So how is Cumberland Family Tree doing today? Since I do not advertise and it is not well known, it is more of a hobby than a generally well known program. I use it extensively for my own database with more than 100,000 individuals. It has some really nice features that I have not seen elsewhere that make handling huge databases easier - such as the Selection Lists and colored diamond marking system, with some rather advanced features for managing and creating multiple types of Selection Lists. I have many others still using my program, some for more than 20 years since my earliest versions. All the various software programs still available have some general features that are common across all platforms, but there are pluses and minuses to each, and this includes Cumberland Family Tree. For the most part I find that whatever software a person begins with, they normally learn it so thoroughly that they do not like to switch, although I have had a number of users who have tried many other programs and still come back to CFT.  

Over the years, so many new and fancy features have been added that it is now quite feature rich and so extensive that I do not think I have a need for a "new" revision. Version 4 is the latest and perhaps the last major release. If I fix small issues/bugs or add a new feature, it is typically a small release (after the dot), the latest being Version 4.06.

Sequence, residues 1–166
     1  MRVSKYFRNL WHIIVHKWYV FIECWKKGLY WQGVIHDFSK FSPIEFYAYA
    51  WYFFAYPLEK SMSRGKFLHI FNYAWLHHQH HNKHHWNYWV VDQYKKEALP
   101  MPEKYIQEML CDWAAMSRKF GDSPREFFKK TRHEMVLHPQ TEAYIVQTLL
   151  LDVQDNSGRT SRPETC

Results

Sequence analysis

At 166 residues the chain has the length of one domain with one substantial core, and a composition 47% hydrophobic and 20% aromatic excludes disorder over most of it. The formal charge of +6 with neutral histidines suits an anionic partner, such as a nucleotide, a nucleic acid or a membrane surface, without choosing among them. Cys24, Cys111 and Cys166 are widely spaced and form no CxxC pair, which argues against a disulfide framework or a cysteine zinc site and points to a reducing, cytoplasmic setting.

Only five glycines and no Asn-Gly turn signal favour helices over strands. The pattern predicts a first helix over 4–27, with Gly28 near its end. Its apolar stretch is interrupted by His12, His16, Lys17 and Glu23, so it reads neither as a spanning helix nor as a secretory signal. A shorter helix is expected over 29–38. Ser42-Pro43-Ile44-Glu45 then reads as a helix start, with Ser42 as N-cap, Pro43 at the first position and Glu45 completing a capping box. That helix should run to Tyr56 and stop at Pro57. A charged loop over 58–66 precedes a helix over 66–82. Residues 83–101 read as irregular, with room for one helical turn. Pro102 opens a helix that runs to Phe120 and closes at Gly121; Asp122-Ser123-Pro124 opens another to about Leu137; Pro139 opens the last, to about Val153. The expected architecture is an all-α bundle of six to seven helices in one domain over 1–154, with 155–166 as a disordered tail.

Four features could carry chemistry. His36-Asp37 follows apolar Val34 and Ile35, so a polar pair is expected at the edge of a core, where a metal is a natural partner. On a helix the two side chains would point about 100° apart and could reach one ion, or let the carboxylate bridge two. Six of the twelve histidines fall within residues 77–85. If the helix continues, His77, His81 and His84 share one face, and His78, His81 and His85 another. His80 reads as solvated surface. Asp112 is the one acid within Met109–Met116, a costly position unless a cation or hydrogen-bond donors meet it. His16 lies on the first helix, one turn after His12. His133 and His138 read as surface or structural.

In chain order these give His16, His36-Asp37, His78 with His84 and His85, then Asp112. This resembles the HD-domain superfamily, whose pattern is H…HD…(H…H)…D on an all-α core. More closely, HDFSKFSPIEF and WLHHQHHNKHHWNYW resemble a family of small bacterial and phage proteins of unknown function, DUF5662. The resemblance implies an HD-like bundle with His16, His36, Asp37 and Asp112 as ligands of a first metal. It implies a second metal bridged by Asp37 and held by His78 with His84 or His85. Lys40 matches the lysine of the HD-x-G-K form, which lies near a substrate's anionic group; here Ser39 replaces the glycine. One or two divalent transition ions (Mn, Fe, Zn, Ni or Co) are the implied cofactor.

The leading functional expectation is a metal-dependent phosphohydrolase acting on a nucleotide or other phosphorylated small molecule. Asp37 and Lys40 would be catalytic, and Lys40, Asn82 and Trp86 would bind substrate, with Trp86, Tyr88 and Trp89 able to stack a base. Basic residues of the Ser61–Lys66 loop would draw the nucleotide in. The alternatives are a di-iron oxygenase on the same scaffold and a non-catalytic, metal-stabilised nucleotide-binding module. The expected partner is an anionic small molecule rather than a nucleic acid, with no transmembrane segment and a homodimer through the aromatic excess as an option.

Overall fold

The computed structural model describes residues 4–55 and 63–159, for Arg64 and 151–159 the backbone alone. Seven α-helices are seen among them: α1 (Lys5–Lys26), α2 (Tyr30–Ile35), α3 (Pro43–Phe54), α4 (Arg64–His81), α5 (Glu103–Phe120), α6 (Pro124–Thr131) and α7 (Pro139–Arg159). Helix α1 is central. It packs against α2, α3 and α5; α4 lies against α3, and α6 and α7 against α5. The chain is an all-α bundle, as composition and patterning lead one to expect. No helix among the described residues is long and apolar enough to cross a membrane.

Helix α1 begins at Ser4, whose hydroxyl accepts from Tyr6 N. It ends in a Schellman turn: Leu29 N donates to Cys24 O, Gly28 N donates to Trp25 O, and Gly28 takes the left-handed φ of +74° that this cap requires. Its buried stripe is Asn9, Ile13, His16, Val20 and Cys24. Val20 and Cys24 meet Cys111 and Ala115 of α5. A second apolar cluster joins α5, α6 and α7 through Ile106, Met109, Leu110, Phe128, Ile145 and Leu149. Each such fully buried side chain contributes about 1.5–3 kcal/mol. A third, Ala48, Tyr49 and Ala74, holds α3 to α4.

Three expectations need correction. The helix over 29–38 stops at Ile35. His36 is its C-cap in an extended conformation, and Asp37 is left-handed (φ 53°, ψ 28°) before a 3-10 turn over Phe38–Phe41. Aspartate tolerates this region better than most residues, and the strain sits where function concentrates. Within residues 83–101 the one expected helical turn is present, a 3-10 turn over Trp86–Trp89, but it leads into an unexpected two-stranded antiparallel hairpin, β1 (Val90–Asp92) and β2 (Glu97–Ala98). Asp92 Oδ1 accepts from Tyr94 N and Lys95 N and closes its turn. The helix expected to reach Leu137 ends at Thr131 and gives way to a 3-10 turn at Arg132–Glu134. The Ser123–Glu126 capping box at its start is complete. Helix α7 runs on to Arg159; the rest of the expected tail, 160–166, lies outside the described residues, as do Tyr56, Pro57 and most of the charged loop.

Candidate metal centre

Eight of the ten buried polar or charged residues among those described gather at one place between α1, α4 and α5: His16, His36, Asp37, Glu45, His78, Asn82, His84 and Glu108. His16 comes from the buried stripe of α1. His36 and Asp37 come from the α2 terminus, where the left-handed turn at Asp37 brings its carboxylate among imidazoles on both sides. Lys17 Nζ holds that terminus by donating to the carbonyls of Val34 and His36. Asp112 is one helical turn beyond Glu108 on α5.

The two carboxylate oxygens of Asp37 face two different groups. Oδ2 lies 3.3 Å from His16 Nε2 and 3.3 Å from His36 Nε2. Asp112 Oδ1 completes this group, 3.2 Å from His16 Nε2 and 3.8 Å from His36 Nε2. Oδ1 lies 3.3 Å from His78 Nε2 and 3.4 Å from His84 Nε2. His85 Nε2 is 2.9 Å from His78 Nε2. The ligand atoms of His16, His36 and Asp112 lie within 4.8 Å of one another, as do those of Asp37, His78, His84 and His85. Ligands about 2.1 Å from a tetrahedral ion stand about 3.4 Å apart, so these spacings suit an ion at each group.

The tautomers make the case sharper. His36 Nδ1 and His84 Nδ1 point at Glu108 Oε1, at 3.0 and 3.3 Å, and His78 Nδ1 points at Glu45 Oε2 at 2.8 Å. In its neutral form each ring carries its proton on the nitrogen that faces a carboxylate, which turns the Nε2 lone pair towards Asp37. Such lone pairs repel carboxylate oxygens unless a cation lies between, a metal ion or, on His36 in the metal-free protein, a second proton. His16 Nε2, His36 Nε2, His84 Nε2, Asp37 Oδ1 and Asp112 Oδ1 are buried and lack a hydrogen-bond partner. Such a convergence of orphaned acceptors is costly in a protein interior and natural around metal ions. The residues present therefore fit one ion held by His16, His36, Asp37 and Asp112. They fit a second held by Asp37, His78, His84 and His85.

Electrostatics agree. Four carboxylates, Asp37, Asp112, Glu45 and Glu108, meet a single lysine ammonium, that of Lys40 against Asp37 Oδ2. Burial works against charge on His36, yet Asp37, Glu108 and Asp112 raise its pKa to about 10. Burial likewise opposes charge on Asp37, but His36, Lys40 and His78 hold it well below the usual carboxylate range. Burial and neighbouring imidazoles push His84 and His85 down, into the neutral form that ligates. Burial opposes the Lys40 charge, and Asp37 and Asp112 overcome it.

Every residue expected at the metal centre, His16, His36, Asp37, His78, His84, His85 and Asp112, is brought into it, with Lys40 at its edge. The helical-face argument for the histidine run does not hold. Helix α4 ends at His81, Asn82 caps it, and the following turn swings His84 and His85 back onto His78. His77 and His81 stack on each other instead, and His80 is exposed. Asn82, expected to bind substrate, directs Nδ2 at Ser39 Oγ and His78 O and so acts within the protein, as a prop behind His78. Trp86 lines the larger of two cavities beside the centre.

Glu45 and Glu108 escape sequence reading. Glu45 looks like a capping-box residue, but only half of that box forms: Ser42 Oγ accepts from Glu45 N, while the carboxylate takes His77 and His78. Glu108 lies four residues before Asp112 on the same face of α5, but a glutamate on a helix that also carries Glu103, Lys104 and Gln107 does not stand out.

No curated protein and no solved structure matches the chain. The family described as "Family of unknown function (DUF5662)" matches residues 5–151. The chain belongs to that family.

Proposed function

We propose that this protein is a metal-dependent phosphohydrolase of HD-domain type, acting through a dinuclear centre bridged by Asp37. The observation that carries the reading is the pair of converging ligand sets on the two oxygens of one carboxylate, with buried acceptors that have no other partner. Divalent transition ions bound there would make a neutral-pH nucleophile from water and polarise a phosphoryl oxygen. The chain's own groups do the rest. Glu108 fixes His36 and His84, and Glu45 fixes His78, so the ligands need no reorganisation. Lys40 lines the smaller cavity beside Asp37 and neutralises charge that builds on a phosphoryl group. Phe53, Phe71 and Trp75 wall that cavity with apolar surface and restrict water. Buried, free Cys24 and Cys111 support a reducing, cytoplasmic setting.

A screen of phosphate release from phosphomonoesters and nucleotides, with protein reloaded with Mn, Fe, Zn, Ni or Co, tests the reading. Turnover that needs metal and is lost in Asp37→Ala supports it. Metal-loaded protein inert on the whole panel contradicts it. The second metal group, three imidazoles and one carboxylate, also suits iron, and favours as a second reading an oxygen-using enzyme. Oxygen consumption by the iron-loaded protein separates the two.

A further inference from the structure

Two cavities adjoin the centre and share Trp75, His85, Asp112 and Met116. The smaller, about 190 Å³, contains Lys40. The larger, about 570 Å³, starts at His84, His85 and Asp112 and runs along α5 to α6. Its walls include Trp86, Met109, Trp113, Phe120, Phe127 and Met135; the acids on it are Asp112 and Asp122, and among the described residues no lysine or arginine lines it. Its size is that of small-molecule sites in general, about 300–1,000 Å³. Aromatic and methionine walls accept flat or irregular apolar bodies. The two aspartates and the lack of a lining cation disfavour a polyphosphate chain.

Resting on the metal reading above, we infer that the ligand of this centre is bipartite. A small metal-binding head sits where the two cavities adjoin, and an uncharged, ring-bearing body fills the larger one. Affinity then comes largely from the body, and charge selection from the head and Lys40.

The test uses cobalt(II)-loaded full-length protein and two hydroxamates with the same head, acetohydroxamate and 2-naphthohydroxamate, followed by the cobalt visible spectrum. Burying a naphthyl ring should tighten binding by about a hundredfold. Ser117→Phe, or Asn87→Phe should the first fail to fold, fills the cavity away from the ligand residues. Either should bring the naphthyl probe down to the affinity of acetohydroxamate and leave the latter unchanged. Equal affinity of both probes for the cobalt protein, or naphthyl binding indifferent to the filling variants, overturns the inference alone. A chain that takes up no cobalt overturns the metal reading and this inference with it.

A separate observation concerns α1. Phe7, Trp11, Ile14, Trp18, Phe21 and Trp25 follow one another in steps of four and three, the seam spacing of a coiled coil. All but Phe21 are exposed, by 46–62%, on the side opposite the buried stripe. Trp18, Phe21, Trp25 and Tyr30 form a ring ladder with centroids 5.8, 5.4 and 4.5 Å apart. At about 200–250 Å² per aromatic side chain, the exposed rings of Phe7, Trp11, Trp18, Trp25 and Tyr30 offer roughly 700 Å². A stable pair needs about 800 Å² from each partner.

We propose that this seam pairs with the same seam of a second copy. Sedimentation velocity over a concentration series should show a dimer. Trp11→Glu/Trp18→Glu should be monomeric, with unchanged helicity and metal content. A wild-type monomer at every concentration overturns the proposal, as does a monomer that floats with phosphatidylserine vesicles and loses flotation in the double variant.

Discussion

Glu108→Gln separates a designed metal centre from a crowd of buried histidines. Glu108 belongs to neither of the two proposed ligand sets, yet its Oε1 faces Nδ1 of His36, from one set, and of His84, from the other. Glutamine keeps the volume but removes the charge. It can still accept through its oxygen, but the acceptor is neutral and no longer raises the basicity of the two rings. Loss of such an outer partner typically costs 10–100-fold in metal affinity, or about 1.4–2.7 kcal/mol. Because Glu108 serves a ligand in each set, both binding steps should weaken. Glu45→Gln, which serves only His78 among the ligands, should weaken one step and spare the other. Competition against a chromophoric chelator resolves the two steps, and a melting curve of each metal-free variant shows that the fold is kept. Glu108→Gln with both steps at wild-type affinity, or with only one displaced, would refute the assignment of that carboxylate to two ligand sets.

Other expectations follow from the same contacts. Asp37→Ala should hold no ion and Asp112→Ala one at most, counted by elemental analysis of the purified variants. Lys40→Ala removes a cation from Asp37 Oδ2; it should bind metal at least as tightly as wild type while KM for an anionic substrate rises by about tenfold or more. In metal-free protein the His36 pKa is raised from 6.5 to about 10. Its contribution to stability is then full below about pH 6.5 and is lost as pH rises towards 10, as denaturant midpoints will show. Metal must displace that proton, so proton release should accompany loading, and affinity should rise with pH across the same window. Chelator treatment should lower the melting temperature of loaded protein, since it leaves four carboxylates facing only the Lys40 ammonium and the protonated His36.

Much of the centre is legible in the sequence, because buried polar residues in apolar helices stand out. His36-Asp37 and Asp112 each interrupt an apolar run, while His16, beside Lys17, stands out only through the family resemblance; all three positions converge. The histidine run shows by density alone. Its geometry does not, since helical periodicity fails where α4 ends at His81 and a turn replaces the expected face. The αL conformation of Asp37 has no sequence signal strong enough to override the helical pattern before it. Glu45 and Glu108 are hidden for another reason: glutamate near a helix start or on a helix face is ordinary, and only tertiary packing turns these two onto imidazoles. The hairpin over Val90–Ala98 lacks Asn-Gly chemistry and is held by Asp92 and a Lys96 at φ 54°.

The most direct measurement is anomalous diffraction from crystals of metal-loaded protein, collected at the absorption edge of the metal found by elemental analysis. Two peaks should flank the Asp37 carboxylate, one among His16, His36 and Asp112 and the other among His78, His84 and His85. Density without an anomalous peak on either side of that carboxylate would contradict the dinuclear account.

CFT is still shareware, meaning you can download it and use it fully functional for FREE for 45 days, after which some more advanced functions will be disabled. After payment a code is emailed that unlocks all features again - forever. I am still here - after 25 years - and accessible via email. I always answer all questions, whether pre-sale or after-sale as quickly as possible.

Cumberland Family Tree is a very good program as attested by the fact that it has been around for 25 years and some very satisfied users have been using it for almost that long also. So if you are looking for Genealogy Software, give CFT a try. You have 45 days to simply test it for FREE!


Cumberland Family Software: www.cft-win.com

If you would like to have new blog posts emailed to you as they are posted, email me a note with your email address and I will add you iralund@cft-win.com




2 comments:

  1. Ira,
    it's great that you mention here your wonderful Cumberland Family Tree program: I hope more people will find its name and have a chance to check how good it is.
    I use CFT for years, and my analysis of the alternatives was almost identical to what you wrote above! I could add that MyHeritage possibility of finding SmartMatches is very attractive at the beginning when you start publishing your data. Over the time, however, all the connection to cousins in the network are discovered, and then what you receive is a lot of redundant and useless matches that only eat your time.
    What I could add to the key advantages of CFT is the possibility of adding/editing data using only keyboard and not being forced to move your hand constantly from the keyboard to mouse and back! (with the small exception I emailed recently;)
    Great analysis, excellent software - big thanks!
    Michal
    P.S. Do you have a register that you could find when I bought CFT code for the first time?

    ReplyDelete
  2. Michal, Thanks for the comments and support! Sorry, I don't have the information about when you first bought CFT.

    ReplyDelete